Litigation over Risperdal, a medication used to treat mental disorders such as schizophrenia, severe mood and manic bipolar disorders and depression when used with certain antidepressants, has been ongoing for several years. Manufactured by Janssen, a subsidiary of pharmaceutical giant, Johnson & Johnson, the drug was approved for use by the US Food and Drug Administration (FDA) in 1993. Since the early 1990s, the drug was also being prescribed to children suffering from attention deficit disorder and obsessive compulsive disorder and to stem irritable behavior in children with autism.
Risperdal Male Breast Enlargement Allegations
Studies have since shown that Risperdal may increase the levels of prolactin, a hormone that promotes the growth of breast tissue in women. In males, the drug has led to the enlargement of male breasts or a condition called gynecomastia. In the lawsuits filed against Johnson & Johnson, claimants have reported pain and nipple discharge.
Although some patients have been treated with liposuction, more severe cases have required mastectomies, a surgical procedure that removes the breast and excess tissue.
Common side effects of Risperdal use include:
- Stomach pain
- Constipation or diarrhea
- Blurry vision
- Weight gain
Less common but more serious side effects include:
- Drastic changes in blood pressure
- Neuroleptic malignant syndrome—a serious brain disorder
- Uncontrolled involuntary movements
- Increased cholesterol
- High blood sugar with increased risk of developing type 2 diabetes
- Enlarged breast development in young males requiring mastectomies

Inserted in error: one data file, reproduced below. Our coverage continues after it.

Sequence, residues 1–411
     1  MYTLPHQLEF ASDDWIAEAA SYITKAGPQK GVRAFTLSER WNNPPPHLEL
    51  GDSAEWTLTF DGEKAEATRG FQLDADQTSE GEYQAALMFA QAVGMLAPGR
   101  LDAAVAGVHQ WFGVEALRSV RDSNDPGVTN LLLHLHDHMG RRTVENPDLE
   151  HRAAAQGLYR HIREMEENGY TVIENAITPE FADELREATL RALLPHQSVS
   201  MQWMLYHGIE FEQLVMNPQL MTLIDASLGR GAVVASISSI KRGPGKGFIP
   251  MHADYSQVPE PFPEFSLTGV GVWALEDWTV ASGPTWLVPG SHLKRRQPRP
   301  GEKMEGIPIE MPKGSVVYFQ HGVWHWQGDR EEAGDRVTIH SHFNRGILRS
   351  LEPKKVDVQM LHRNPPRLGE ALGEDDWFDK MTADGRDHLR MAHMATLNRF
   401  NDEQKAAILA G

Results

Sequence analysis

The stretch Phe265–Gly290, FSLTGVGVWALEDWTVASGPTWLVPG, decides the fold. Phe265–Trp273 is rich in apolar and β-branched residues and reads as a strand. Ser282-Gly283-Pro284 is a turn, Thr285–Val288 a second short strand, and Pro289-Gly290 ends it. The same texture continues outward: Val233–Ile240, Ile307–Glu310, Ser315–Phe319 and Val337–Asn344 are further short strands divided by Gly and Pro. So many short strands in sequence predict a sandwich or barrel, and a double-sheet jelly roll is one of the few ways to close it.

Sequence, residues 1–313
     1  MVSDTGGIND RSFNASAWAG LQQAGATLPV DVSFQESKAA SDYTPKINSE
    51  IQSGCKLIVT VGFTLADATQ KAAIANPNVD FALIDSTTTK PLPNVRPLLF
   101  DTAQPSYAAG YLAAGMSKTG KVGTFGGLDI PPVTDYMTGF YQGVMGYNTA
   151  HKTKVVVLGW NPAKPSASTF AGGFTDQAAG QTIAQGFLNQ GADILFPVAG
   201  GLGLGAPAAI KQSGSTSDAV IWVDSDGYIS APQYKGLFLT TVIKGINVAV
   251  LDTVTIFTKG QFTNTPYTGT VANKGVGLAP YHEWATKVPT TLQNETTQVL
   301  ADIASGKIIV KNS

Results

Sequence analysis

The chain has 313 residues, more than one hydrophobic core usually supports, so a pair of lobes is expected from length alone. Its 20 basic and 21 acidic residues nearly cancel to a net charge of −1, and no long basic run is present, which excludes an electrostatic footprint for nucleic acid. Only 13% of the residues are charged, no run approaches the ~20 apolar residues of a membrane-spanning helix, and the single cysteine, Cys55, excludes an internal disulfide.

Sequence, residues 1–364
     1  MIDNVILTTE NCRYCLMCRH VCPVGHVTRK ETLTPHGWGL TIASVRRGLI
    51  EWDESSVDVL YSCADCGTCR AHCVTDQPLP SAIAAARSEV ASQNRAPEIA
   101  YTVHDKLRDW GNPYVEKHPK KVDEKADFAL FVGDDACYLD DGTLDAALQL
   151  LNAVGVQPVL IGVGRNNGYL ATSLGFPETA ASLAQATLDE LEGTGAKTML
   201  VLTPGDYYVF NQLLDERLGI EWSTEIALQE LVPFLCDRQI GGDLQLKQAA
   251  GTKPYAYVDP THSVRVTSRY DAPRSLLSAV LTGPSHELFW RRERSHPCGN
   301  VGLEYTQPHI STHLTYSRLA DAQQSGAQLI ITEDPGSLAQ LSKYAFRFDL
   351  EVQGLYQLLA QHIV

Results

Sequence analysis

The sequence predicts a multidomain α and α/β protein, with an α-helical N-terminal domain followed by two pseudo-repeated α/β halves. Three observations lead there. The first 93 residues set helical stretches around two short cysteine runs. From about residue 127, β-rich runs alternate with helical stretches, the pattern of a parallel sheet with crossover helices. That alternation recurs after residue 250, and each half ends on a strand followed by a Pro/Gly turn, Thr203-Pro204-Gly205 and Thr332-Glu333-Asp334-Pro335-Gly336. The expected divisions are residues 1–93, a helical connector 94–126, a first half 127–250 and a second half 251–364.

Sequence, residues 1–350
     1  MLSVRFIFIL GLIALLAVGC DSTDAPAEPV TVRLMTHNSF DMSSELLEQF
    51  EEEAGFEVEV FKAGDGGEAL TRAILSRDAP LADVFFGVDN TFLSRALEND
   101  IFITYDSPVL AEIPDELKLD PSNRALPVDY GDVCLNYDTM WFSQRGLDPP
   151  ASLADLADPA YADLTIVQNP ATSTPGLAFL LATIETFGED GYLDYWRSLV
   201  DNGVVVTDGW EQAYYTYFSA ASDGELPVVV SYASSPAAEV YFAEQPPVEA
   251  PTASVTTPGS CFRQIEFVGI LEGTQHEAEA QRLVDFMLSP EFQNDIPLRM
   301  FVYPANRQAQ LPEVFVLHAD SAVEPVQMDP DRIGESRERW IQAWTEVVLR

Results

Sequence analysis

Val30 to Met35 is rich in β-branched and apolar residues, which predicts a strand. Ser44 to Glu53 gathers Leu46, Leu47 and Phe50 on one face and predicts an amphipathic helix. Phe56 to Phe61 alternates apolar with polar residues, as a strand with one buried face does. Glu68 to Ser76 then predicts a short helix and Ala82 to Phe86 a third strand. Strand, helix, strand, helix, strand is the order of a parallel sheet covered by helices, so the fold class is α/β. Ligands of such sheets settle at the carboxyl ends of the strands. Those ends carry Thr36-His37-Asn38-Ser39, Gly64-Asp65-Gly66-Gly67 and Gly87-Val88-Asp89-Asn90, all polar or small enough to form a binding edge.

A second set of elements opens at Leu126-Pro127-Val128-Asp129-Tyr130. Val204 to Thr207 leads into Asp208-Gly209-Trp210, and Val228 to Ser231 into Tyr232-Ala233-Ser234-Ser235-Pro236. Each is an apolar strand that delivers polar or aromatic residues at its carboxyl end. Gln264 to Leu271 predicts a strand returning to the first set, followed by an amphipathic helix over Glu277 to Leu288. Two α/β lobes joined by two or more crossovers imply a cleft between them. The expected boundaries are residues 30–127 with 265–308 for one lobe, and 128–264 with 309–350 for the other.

- Stroke in elderly patients
Ongoing Risperdal Litigation and Settlements
Not all states have been successful in its suits against J & J. Suits filed by the states of West Virginia, Louisiana and South Carolina have been dismissed or had their verdicts reduced. Kentucky and Mississippi have ongoing suits.
In February of 2015, however, Johnson & Johnson was ordered to pay $2.5 million by a Philadelphia jury in a case which the plaintiff alleged that he developed gynecomastia after being prescribed the drug for behavior issues arising from his autism diagnosis as a child. According to the plaintiff’s attorney, the man developed size 46 DD breasts.
In 2012, a Texas court found that Johnson and Johnson had engaged in unlawful activity related to “off-labeling,” a practice where the manufacturer uses certain marketing tactics including kickbacks to encourage doctors to prescribe its drug for uses not FDA-approved. Johnson and Johnson was forced to pay $158 million to the state. The lawsuit had also alleged Medicaid overpayments.
In 2015, the Department of Justice fined Johnson and Johnson $2.2 billion to settle criminal and civil investigations into its marketing schemes, which also involved off-label use for elderly patients with dementia.
Unlike other personal injury lawsuits involving defective drugs, there is no class action suit regarding Risperdal, though over 200 claims filed in Philadelphia have been referred to a single judge for centralized management. The diverse nature of the injuries claimed by the plaintiffs may not lend itself to a class action. If the present trend toward the filing of more claims continues, then MDL or multi-district litigation may result where all claims are consolidated. Unlike a class action, however, each Risperdal claim is resolved on its merits and any damages awarded dependent on the circumstances unique to that case.